Harvard University is addressing a crisis: how do we get food for the hungry? How can we best make sure people’s get what they need, while doing it in a healthy and sustainable way? These questions of alleviating hunger are at the front of Harvard news. In this article, we investigate how they are answering.
Harvard University student volunteers work tirelessly in the dining hall kitchen at night. They form an assembly line, putting away and packaging surplus food from the day. Afterwards, all packages will go to households that experience chronic hunger; which is upwards of 200,000 in the area.
So, what’s going on? The dining hall works with the nonprofit Food for Free. Food for Free is a donation program to eliminate hunger. Since its inception, the program has donated an average of 40,000 bulk donations each year. And around 2,600 pounds of food is donated every month from Harvard.
What students are doing
Harvard students are stepping it up. They are helping the initiative by making frozen, microwavable meals to give to hungry families. The food is high quality and high quantity.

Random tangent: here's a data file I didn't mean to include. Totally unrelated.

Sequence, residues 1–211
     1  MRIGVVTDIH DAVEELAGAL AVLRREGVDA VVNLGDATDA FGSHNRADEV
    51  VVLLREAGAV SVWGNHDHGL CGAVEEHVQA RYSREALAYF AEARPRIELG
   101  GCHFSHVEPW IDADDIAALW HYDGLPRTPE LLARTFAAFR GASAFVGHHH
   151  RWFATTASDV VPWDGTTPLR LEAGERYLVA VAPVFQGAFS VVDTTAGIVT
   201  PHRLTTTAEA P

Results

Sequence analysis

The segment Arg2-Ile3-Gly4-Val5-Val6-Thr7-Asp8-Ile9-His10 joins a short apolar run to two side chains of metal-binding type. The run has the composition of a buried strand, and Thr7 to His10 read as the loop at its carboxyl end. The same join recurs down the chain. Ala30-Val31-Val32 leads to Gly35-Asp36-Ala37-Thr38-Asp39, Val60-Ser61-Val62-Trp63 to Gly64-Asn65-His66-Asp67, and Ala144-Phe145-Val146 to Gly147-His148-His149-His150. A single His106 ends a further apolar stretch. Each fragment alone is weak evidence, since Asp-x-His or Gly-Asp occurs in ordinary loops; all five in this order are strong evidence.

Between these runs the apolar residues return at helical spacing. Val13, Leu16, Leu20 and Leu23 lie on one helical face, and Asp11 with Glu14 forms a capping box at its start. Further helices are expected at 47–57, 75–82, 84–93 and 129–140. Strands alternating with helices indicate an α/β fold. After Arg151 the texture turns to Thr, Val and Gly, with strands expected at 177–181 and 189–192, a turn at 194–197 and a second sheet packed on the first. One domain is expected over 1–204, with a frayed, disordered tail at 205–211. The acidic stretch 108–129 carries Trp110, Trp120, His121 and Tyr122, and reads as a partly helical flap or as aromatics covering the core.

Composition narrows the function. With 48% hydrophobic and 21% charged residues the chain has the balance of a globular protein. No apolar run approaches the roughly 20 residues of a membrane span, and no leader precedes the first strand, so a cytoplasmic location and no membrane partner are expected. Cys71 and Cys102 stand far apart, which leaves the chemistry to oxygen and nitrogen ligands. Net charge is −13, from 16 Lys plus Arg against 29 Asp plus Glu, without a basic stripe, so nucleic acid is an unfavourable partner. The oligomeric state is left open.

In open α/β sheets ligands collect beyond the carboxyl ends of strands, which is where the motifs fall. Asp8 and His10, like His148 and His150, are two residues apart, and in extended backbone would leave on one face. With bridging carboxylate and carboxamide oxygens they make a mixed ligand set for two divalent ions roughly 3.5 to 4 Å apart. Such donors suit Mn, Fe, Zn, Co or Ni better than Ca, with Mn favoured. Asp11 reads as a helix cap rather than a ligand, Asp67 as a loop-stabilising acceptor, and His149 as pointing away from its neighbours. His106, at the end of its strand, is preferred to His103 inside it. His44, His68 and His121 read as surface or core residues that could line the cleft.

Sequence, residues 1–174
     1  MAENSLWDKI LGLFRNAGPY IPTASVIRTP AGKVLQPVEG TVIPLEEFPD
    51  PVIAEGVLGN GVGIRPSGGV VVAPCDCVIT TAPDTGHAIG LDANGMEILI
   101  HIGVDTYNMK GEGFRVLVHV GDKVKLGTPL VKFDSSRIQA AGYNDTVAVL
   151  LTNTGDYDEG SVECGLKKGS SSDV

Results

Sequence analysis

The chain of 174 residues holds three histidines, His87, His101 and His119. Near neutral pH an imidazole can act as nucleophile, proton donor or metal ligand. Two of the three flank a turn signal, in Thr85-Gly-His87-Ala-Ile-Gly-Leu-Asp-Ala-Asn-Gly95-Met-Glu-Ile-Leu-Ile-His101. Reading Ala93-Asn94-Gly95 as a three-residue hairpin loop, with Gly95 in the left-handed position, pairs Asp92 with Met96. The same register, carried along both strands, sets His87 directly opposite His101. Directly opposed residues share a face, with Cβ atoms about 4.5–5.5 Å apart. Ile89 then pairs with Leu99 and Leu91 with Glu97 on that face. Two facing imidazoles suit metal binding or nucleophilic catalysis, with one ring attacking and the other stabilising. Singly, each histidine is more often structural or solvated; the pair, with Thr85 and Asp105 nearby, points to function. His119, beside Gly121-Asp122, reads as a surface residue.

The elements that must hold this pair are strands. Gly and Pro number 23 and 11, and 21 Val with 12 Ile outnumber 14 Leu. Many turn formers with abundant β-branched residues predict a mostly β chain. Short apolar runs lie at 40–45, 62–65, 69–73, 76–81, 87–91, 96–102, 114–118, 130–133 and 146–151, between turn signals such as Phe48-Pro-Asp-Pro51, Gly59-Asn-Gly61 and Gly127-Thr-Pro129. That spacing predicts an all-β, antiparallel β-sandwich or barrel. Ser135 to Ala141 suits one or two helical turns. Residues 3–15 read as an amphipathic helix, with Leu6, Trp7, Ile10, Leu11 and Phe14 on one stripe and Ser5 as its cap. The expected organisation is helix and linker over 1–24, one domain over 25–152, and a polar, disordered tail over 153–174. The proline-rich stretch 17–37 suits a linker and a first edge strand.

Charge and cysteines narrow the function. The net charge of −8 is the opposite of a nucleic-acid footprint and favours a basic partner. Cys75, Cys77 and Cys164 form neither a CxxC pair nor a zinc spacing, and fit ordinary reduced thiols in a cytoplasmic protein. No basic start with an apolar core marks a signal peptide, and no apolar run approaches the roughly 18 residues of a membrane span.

At the end of every day, all Harvard dining halls have enough surplus for 75 individual meals. The donated meals include barbecued chicken, curried tofu, vegetable quiche, with sides of rice, potatoes, and steamed veggies or sautéed greens. Once packed, the meals each contain at least one protein, grain, or vegetable.
“Harvard’s students come from all over the world,” said Crista Martin, the director of HUDS. “The Family Meals program allows them to participate in a very hands-on way with understanding how Harvard connects to the local community.”
Does it stop when the school year has died down? No way. During the summer, 1,100 family meals were made.
And is this sustainable?
“Making sure the leftovers we have are put to their best possible use, is a great example of how we’re turning Harvard’s holistic Sustainability Plan into action,” said Brandon Geller, program manager of the Faculty of Arts and Sciences Green Program. “Meeting the complex challenges of being truly sustainable means that we need to find these double wins that will help us achieve our overall vision of enhancing the well-being of both people and the planet.”
The Cambridge Chamber of Commerce recognized the efforts of HUDS and Food for Free and granted them the 2017 Visionary Award.
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